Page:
The assessments can help you override recruiters’ first opinions to find true diamonds buried under excruciating self-consciousness. The assessment scores will give recruiters some guidance around where to tap into that work passion that will make them forget themselves and talk about their excitement for the work instead.
Watch how the candidates behave around taking the test. Who likes to take tests, really? And who welcomes the opportunity to give potential employers a peek under the mental/emotional hood? Not me, that’s for sure. Still for almost everyone asked to take such a test, it’s their first assignment by their potential employer. Watch to see how cooperative they are when given the task. Are they resistant? Judgmental about the reliability of the test design and results? Just a little bit pissy?
Don’t overlook those behaviors. If this is how they treat their first assignment with your company before they have the job, how cooperative and team-spirited are they going to be when they’re confidently ensconced in their new position and don’t have to worry about appearing eager to please?
Cut the candidates a break. Assessment tests have control questions to see if the candidate is being objective and reporting accurately. Some testing services will advise that you disqualify candidates automatically who try to beat the system. Colitses says that Winslow’s protocol gives the candidate another chance.
“We’re all nervous when we take these kinds of tests and we want to look our best,” she says. “Give the candidate another chance to take the test, after you were able to identify that maybe he wasn’t as objective as he could have been. This is the candidate’s opportunity to settle down, take the test seriously and try again. If the candidate triggers those control questions yet again, that’s when you might want to consider searching for another candidate.”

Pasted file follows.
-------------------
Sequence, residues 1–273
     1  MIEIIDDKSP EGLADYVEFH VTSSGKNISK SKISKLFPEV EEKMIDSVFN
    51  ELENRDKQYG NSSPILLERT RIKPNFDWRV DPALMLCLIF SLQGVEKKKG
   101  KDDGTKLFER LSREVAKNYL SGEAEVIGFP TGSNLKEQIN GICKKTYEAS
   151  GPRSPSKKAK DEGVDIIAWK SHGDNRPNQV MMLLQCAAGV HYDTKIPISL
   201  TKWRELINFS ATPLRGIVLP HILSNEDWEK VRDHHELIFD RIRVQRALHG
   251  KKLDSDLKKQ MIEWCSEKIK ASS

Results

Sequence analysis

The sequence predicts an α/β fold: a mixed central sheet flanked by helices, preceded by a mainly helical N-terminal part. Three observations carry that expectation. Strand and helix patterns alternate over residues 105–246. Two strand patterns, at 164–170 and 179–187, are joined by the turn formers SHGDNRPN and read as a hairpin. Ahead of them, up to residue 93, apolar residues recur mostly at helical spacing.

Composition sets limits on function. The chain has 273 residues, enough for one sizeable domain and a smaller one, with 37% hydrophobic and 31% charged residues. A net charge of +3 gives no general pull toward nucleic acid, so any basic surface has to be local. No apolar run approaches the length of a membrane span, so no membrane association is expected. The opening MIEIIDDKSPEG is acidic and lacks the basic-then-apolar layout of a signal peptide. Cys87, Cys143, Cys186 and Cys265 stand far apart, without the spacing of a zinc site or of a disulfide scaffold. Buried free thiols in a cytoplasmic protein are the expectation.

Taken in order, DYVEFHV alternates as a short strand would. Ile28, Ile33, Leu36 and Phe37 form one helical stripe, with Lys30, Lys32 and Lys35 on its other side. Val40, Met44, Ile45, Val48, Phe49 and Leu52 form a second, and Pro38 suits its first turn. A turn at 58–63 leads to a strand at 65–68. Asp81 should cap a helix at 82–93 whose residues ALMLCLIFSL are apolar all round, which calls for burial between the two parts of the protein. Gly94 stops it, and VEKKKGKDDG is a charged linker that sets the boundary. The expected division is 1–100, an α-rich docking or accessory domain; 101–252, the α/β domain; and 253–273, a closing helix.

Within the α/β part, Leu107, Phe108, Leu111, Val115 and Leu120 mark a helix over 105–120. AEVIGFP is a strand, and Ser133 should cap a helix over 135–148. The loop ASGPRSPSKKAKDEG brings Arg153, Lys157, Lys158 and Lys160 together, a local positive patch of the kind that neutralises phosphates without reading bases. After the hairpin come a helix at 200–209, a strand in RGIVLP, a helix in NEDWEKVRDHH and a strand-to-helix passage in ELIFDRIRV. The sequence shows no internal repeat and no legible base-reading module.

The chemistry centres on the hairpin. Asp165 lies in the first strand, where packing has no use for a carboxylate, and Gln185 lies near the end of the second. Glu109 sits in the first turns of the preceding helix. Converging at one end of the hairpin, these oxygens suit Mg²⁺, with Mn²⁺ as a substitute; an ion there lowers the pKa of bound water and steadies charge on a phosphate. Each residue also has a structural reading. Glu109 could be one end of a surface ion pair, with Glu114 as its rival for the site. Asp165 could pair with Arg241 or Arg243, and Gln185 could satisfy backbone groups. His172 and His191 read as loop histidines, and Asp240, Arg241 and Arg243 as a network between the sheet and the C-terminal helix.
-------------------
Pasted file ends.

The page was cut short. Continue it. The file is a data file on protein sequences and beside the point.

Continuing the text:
Consider providing the tests to hourly workers as well as salaried candidates. Colitses says that behavioral assessment tests aren’t just for the senior level candidates. There are a variety of tests, levels of testing and price points. And even if you’re hiring hourly works en masse with the intention of getting the necessary skills on the job quickly, wouldn’t you like to know what kind of strengths and challenges come with each new hire? It helps you prepare for surprises – pleasant and un-pleasant. And, by offering this group of employees what might be their first opportunity for professional development, you could be securing their commitment to your company and the goal of achieving excellent results quickly.
Finally, schedule the testing between initial phone screening interview and the first face-to-face encounter. Having the results in hand will help you focus on aspects of the candidate’s background and strengths that are of most concern to you and the hiring team. Testing before you meet the candidate face-to-face helps you stay objective.
If you or your human resources group are looking for a solution to: talent acquisition, employment assessments, talent management, and succession planning contact Tresha at Tresha@hrcsuite.com for more information.
Martha I. Finney is the author of The Truth About Getting the Best From People, and a consultant specializing in employee engagement. For a free consultation on how you can build a vacation-friendly workplace culture, email Martha at Martha@marthafinney.com.